Small Talk / Miniature

Furniture Wright to Scale

Martin House

Architect Frank Lloyd Wright designed his buildings and homes in their entirety, often right down to the furniture. Wright believed that architecture should be suited to its environment, and similarly the components of a home should match the architecture. As a result, the art glass windows, built-in cabinetry, and dining set in the William E. Martin House all tie in with the home’s Prairie style aesthetic.

Taking Wright’s principles into account, artists Allison Ashby and Steve Jedd built the Martin House dining table and chairs to match the original design. Just like in the room’s trim, they substituted quarter sawn oak for cherry for its small grain and workability. The top of the chairs also contain mother of pearl inlay to mirror the art glass design in the window. Other handcrafted, Prairie style accessories in the room include works by a variety of artists, which we’ll look at next time!

Wright to Scale

William E. Martin House

With their dramatic horizontal lines, open floor plans, and cantilevered roofs, architect Frank Lloyd Wright’s homes are some of the most iconic in American history. Wright’s famous Prairie Style of domestic architecture took inspiration from the Midwestern landscape. The William E. Martin House is a beautiful example of one of these homes, coincidentally only a few blocks away from Wright’s own home and studio in Oak Park, Illinois. Today, the home is still a private residence, so your best chance to see it up close is here at T/m!

Built in 1902, the William E. Martin House was the inspiration for Allison Ashby and Steve Jedd’s 1:12 scale breakfast room. All of the room’s architectural details are accounted for in miniature. As with other works, Ashby and Jedd have substituted woods in order to mimic the full-size solid oak grain in miniature. The individually laid floor boards are made of basswood and the trim is made of cherry. In order to give the appearance of stucco, the miniature room’s walls were covered with muslin and faux-finished using layers of transparent acrylic glazes.

Have a Seat

Cadwalader side chair

These three chairs might look like they’re auditioning for a part in Goldilocks and the Three Bears; however, they’re actually miniature replicas of historical full-scale chairs. With green silk upholstery and an urn motif splat, the New York Sheraton side chair on the left was inspired by a c.1800 chair from the Kaufman Collection at the National Gallery of Art. The Shield Back Hepplewhite side chair on the right also takes its full-scale inspiration from that same collection. The claw-footed Cadwalader side chair in the center is based off a 1770 design by Thomas Affleck and features a canary yellow jacquard cushion.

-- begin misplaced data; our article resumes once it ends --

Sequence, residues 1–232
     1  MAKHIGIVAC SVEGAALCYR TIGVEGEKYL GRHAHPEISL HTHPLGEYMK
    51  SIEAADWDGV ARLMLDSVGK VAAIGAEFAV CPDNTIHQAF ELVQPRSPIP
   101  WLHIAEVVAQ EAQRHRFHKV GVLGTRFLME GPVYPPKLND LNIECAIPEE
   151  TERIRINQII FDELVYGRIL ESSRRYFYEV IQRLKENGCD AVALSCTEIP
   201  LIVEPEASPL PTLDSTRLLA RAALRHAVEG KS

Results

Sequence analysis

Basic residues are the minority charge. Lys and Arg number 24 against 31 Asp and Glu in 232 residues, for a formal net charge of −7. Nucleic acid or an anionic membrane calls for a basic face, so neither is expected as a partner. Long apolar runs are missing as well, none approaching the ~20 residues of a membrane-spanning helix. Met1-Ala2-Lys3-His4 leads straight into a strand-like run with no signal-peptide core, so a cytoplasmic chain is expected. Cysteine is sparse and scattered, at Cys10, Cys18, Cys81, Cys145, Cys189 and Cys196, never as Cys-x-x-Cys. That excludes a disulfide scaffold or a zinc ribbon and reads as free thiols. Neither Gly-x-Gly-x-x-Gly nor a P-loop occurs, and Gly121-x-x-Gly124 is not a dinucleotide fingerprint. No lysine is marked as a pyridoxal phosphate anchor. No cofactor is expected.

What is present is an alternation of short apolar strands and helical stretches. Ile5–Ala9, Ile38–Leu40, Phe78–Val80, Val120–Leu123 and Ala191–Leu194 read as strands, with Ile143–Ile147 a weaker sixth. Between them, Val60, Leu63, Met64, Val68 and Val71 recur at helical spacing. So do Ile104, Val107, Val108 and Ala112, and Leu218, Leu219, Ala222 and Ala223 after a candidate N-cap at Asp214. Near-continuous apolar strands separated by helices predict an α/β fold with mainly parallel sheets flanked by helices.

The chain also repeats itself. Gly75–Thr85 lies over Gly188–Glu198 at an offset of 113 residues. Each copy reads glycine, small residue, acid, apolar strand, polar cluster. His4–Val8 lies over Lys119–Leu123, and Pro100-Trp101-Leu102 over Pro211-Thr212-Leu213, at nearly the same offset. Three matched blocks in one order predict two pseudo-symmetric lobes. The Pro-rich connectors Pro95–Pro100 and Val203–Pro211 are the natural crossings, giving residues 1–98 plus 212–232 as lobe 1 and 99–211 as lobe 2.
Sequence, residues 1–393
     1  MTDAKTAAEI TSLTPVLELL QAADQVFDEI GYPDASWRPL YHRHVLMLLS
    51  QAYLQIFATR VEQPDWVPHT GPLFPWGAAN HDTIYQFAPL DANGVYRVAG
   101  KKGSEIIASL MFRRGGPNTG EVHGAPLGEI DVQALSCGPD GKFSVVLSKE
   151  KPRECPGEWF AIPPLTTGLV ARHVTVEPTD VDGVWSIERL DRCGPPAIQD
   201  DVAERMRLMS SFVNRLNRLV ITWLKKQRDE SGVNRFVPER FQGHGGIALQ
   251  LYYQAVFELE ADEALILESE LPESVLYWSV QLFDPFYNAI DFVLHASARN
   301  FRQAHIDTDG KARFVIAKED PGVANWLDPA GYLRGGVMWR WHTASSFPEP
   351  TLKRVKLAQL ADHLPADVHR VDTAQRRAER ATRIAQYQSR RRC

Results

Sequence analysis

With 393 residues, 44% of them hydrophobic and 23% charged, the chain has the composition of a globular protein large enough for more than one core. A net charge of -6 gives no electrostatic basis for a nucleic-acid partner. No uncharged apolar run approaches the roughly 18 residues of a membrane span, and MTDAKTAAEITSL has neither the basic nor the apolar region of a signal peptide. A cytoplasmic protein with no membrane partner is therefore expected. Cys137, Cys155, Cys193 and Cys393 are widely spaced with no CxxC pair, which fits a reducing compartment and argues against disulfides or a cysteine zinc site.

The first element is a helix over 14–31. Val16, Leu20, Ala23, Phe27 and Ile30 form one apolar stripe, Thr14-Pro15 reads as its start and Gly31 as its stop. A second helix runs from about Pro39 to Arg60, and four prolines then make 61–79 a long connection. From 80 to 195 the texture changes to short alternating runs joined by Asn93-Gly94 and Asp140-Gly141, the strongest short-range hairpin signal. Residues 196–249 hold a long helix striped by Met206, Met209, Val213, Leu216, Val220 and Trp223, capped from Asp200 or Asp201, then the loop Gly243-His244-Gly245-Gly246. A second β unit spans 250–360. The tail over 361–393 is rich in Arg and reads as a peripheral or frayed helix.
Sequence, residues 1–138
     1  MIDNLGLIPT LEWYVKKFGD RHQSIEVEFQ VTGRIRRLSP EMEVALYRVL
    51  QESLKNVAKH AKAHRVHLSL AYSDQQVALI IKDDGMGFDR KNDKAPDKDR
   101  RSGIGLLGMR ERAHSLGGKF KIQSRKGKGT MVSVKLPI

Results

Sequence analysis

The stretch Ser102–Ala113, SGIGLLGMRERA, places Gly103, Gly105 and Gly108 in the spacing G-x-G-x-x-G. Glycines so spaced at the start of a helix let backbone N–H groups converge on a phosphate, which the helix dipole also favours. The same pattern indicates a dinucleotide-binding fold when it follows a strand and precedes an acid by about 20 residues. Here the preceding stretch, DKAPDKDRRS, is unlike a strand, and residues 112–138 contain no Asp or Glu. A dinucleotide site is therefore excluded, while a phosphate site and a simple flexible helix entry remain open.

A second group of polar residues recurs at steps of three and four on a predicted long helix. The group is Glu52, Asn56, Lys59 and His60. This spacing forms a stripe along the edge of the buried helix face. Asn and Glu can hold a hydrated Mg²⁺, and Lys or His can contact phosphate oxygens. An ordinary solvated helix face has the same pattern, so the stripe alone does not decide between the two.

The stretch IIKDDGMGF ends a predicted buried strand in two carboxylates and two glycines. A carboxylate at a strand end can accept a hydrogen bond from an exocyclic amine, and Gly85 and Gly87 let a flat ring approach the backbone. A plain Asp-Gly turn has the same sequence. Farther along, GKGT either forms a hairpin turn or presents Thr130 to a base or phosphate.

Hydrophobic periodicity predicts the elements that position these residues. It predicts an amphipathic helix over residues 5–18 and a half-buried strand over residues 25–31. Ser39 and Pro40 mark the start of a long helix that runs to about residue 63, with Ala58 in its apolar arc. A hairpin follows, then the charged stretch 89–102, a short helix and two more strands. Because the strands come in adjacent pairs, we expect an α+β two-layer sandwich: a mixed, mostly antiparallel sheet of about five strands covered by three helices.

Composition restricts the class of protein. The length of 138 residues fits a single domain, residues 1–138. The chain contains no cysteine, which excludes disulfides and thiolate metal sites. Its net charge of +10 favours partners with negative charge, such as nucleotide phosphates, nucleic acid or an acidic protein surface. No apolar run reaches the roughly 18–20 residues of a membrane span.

Artist Linda LaRoche received a commission from T/m co-founder Barbara Marshall to create a series of works showcasing her skills. Specializing in hand-carved wooden furniture, LaRoche researched measurements documented in the Kaufman Collection catalog. For the Cadwalader chair, she was granted special access by the Metropolitan Museum of Art to photograph and measure the full-scale chair. Using that research, LaRoche was able to precisely scale down the designs and determine the best approach to carving the delicate details. Unlike Goldilocks, we think all three of these chairs are “just right!”

Maiolica in Miniature

Traditional Maiolica

During the Renaissance in Europe, owning colorful glazed pottery pieces known as maiolica (or majolica) was considered a sign of good taste and affluence. Named for the Spanish city of Majorca, this ceramic process made its way to Italy, France, and Mexico over the centuries. Maiolica’s intricate multicolored designs are created by applying a variety of metallic oxide glazes on top of a base layer of white glaze.

This miniature charger by Le Chateau Interiors was based on a full-scale 15th century charger at the J. Paul Getty Museum. In making the miniature, artist Jeffrey Guéno diverged from the traditional maiolica glazing process and applied both the white base glaze and colorful top glaze directly to the bisque pottery. Combining the layers allowed for the charger to retain the sharp details of the peacock feather pattern. Fine details are, after all, what make miniatures so spectacular!

A Miniature Stairway to Heaven

Miniature Les Paul

Unfortunately, there’s no Stairway to Heaven being played on this fine-scale miniature Les Paul (or maybe that’s fortunately, depending on what camp you fall in!). A favorite of visitors to The National Museum of Toys and Miniatures, this solid body electric guitar with white trim, brass tuning pegs and finger markings, and six strings is the work of fine-scale miniature artist Ken Manning.

Manning, who played the guitar, mouth organ, and accordion, combined his love for woodworking and music into a retirement “profession;” he made his first miniature at the age of 61. An IGMA Fellow, Manning was an internationally renowned craftsman of historic and contemporary fine-scale miniature stringed instruments: a variety of guitars, violins, banjos, mandolins, cellos, harps, lutes, double bass, ukulele, Japanese biwa, potbelly mandolin, and an Italian mandora. Think it’s hard enough to string a full-size guitar? Manning could string a miniature guitar in 1½ to 2 hours. An entire piece took him 40-50 hours to create, including a custom case.

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